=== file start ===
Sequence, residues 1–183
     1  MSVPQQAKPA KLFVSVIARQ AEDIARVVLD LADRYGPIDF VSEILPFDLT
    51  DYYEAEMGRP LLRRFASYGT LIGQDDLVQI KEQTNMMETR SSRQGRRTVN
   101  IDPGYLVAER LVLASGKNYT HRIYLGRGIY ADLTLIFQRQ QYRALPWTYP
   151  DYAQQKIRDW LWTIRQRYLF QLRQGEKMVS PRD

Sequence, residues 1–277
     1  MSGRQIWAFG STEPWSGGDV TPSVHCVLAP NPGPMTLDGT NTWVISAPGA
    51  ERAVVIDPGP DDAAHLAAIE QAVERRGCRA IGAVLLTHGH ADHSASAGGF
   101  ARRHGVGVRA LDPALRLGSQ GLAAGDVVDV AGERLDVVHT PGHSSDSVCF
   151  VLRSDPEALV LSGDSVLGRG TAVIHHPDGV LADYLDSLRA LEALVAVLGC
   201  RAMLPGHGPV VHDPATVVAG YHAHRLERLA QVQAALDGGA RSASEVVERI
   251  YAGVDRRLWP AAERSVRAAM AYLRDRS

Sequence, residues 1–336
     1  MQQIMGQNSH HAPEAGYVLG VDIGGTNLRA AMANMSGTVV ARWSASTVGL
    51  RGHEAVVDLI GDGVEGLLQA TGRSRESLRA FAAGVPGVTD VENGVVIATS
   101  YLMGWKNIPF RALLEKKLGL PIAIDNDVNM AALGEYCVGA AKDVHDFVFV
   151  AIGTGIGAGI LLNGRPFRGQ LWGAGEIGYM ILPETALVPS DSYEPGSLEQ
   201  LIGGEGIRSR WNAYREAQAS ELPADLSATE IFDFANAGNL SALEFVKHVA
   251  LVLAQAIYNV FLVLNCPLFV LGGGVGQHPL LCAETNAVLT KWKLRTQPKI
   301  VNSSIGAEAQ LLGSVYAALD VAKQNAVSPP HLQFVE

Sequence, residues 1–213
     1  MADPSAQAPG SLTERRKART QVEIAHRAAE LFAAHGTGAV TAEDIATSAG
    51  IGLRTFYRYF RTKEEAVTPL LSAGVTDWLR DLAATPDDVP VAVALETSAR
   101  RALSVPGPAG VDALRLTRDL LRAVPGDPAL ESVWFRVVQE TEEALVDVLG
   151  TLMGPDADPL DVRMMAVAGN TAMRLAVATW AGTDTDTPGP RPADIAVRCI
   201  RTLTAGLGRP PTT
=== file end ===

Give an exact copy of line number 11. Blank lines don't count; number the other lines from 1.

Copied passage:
   201  RAMLPGHGPV VHDPATVVAG YHAHRLERLA QVQAALDGGA RSASEVVERI